The Great Barrier Reef is the world's longest reef, measuring 2,027 km (1,260 mi).
Running parallel to the coast of Queensland, Australia, the reef is an essential breeding ground for humpback whales and is home to over 1,500 species of tropical fish.
Visible from the Moon, the Great Barrier Reef is also the world’s largest marine animal structure, covering an area of 207,000 km² (80,000 mi²) and consisting of countless billions of corals.
The Great Barrier Reef took thousands of years to form, but in just a few short decades us humans have made remarkable progress in killing it.
Fortunately, it's not dead yet. Let’s examine the dangers facing the Great Barrier Reef and what can be done to save it.
How did the Great Barrier Reef form?
Aboriginal Australians have inhabited the Great Barrier Reef area for at least 40,000 years. They are recognized, along with the Torres Strait Islanders, to be the traditional owners of the reef.
Back then, the area wasn’t even underwater. Covered in forests, it was home to animals commonly found on the Australian plains.
10,000 years ago, at the end of the last Ice Age, the “Great Flood” occurred. As the ice at our planet’s poles melted and sea levels rose, Australia’s low lying coast was submerged.
The shallow, tropical waters became the perfect conditions for stony corals to thrive. Over hundreds of thousands of years, they built up to form the Great Barrier Reef.
Newly created and protected behind this long strip of reef was a lagoon larger in size than Great Britain. Former areas of high ground were now just small islands poking out of the water’s surface.
The Great Barrier Reef has existed in this state for thousands of years, but as a result of our actions, the delicate balance of this ecosystem is being devastated.
Why do we need the Great Barrier Reef?
Despite covering less than 1% of the ocean floor, coral reefs support an estimated 25% of all marine life.
Raine Island, located in the north of the Great Barrier Reef, is home to the world's largest green turtle rookery.
Up to 60,000 female green turtles migrate thousands of kilometres each breeding season to lay their eggs here. Upwards of 15,000 turtles at one time have been recorded attempting to nest along the 1.8-km beach.
But it’s not just turtles that thrive on Raine Island. Large populations of seabirds – around 16 different species - also nest and roost there, making it one of the most important seabird rookeries in the world.
Coral reefs are also crucial for supporting human life.
Due to the symbiotic relationship between corals and algae (zooxanthellae), they are responsible for producing half of the oxygen present in our atmosphere.
Additionally, coral reefs hold a record for providing the most wave protection by an animal structure. By absorbing approximately 97% of incoming wave energy, coral reefs shield some 100 million people who live in coastal zones worldwide.
So as we continue to destroy coral reefs, we also accelerate the destruction of our own species.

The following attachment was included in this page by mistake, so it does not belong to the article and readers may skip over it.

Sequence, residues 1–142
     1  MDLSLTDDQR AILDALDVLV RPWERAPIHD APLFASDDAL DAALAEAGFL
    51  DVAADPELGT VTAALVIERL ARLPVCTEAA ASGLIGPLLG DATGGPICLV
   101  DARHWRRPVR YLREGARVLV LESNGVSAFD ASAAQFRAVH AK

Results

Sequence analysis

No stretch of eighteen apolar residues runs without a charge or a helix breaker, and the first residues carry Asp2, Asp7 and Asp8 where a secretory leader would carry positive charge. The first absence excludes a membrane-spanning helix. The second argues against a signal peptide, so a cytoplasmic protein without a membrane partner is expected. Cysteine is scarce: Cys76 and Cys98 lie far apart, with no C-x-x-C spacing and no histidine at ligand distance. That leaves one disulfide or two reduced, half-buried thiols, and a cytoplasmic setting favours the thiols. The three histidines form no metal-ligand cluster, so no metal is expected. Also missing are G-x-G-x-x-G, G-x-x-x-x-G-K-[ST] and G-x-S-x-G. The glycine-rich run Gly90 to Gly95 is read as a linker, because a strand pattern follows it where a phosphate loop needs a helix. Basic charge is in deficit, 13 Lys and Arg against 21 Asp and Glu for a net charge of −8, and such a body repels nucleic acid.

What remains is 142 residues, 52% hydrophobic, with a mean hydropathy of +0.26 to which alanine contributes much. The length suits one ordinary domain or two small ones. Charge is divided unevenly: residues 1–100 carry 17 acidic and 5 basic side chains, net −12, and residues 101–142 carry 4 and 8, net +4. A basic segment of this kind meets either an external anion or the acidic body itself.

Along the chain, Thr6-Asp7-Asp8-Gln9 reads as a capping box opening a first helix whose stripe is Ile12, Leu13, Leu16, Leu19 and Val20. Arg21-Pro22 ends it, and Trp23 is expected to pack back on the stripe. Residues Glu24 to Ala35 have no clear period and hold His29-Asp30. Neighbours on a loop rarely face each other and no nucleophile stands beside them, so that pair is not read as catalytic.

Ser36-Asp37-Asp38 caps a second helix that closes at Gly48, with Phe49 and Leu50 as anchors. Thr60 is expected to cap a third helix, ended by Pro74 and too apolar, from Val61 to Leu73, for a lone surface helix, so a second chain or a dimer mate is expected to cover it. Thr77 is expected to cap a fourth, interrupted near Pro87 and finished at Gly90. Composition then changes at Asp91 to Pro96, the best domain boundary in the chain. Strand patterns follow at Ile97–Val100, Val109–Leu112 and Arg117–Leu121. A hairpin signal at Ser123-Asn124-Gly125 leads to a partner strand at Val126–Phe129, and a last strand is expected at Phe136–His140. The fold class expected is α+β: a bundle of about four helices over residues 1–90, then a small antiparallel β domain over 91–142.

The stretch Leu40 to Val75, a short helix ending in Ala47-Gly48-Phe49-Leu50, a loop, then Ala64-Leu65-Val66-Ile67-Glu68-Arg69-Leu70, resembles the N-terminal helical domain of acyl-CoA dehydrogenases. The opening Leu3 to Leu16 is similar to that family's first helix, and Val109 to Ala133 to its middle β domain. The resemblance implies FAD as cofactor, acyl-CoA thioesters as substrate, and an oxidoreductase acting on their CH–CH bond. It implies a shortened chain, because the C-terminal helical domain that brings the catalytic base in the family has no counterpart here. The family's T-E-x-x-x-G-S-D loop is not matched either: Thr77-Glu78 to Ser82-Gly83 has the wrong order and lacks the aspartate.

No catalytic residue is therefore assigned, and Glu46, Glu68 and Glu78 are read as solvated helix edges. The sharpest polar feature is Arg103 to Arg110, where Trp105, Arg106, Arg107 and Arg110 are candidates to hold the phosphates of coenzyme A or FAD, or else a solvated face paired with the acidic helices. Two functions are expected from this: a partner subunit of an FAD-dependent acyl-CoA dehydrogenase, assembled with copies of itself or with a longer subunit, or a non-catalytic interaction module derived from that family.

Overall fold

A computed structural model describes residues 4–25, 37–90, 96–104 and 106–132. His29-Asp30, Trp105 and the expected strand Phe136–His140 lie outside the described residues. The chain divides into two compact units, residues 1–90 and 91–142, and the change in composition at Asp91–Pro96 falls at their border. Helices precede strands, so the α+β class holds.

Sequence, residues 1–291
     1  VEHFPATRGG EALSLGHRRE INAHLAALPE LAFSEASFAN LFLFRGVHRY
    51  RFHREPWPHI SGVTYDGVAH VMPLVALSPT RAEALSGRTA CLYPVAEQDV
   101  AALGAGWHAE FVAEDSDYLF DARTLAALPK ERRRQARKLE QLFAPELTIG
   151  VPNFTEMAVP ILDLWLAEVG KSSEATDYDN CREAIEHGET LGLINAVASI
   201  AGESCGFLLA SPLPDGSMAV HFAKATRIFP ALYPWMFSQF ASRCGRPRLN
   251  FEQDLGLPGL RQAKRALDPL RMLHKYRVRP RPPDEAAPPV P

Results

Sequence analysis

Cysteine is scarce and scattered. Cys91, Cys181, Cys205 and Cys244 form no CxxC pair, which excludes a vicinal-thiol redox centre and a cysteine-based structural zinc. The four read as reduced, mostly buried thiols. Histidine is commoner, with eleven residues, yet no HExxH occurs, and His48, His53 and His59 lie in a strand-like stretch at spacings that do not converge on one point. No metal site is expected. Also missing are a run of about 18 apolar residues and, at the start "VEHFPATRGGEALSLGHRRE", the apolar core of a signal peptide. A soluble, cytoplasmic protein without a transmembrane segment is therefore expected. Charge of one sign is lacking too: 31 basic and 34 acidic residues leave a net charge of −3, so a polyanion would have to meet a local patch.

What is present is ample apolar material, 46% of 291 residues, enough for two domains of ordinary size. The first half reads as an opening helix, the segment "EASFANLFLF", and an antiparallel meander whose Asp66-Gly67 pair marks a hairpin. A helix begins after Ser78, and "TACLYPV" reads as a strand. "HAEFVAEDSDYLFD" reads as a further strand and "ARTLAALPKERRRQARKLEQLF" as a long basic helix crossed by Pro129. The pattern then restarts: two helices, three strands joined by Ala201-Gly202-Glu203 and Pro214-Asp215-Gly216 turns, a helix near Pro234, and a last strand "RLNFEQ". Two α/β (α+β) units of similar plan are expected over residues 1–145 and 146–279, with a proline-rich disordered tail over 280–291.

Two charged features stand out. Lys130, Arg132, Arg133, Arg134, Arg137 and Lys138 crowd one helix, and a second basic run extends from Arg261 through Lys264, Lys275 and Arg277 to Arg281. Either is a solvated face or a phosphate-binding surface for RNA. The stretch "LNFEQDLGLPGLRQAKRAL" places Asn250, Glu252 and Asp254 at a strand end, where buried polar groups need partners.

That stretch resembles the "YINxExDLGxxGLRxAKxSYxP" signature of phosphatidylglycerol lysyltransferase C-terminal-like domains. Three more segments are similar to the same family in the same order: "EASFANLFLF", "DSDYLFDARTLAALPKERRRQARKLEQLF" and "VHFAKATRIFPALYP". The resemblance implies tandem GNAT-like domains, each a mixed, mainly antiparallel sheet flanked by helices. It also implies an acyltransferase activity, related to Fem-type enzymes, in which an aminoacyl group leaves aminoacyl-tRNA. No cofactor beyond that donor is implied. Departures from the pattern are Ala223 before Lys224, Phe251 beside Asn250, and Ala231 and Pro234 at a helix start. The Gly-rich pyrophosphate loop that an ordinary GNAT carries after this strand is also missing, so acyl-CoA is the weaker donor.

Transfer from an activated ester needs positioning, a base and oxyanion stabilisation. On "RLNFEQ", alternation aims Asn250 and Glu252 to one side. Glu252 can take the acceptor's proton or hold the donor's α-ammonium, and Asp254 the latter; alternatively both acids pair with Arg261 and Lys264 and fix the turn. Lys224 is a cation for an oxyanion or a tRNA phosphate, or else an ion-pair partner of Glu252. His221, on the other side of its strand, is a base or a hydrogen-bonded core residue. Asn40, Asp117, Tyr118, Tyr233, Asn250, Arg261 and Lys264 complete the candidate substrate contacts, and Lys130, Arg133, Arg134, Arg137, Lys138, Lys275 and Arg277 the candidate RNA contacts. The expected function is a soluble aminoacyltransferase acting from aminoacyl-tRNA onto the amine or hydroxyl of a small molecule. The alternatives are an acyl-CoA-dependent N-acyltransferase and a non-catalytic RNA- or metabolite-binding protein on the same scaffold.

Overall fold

How is the Great Barrier Reef dying?
The Great Barrier Reef has suffered severe harm at the hands of humans. Toxic coastal pollution, overfishing and unsustainable tourism all contribute to the damage done.
However, the biggest threat of all is climate change, which causes coral bleaching and ocean acidification.
Coral bleaching is a process that causes coral to turn white in colour when exposed to certain stressors, such as changes in temperature or light.
As water temperatures rise due to climate change, the zooxanthellae algae living inside coral becomes toxic, so it is expelled. Not only do zooxanthellae produce coral’s pigmentation, they also provide 90% of the coral’s energy. Thus, without the algae, most corals starve and die.
Unfortunately, coral bleaching events are now occurring at an alarming rate.
Mass coral bleaching events in the Great Barrier Reef have been recorded in 1998, 2002, 2006, 2016, 2017 and 2020, and they are now expected to become an annual occurrence.
In March 2022, the latest mass coral bleaching event began, as confirmed by the Great Barrier Reef Marine Park Authority.
The longest global coral bleaching event ever was recorded between June 2014 and May 2017, owing to an unprecedented run of hot years, exacerbated by the strong 2015–16 El Niño event.
Notably, 2022 is the first time mass bleaching has happened in a cooler La Niña year.
The Great Barrier Reef is estimated to have lost over 50% of its corals since 1995 and as global warming continues, this number will continue to increase exponentially.
Can the Great Barrier Reef be saved?
In 2015, the Australian government formed a plan for the protection and preservation of the Great Barrier Reef until 2050.
Whilst the plan contains many commendable aims to improve water quality and restore the reef, there are no measures to tackle the root cause of the issue – climate change.
A 2017 study by ecologists at James Cook University in Australia concluded that the only way to preserve the world's coral reefs will be to take drastic action to reverse global warming.
The time left until temperatures warm by 1.5 °C is rapidly running out and once we reach that stage, the Great Barrier Reef as we know it will be gone.
Addressing the most important problem of our generation will require many solutions, such as investing in renewable energy, keeping fossil fuels in the ground, protecting forests, reducing plastic production and clamping down on unsustainable business practices.
Reversing the damage done to the Great Barrier Reef - and other ecosystems around the world - will be no easy feat, but if we can inspire change in individuals, corporations and governments, there may be hope yet.